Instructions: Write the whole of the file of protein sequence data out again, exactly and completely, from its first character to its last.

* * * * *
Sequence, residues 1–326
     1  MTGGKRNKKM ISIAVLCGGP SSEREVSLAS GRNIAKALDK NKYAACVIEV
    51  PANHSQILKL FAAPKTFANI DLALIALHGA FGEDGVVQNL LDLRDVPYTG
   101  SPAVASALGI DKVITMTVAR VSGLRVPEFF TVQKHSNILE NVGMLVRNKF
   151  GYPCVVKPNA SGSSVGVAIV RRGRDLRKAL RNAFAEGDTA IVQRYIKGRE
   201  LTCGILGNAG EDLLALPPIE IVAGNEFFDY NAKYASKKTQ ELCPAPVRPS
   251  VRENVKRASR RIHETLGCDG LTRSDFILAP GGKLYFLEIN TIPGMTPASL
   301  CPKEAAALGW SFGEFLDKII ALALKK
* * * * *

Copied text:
Sequence, residues 1–326
     1  MTGGKRNKKM ISIAVLCGGP SSEREVSLAS GRNIAKALDK NKYAACVIEV
    51  PANHSQILKL FAAPKTFANI DLALIALHGA FGEDGVVQNL LDLRDVPYTG
   101  SPAVASALGI DKVITMTVAR VSGLRVPEFF TVQKHSNILE NVGMLVRNKF
   151  GYPCVVKPNA SGSSVGVAIV RRGRDLRKAL RNAFAEGDTA IVQRYIKGRE
   201  LTCGILGNAG EDLLALPPIE IVAGNEFFDY NAKYASKKTQ ELCPAPVRPS
   251  VRENVKRASR RIHETLGCDG LTRSDFILAP GGKLYFLEIN TIPGMTPASL
   301  CPKEAAALGW SFGEFLDKII ALALKK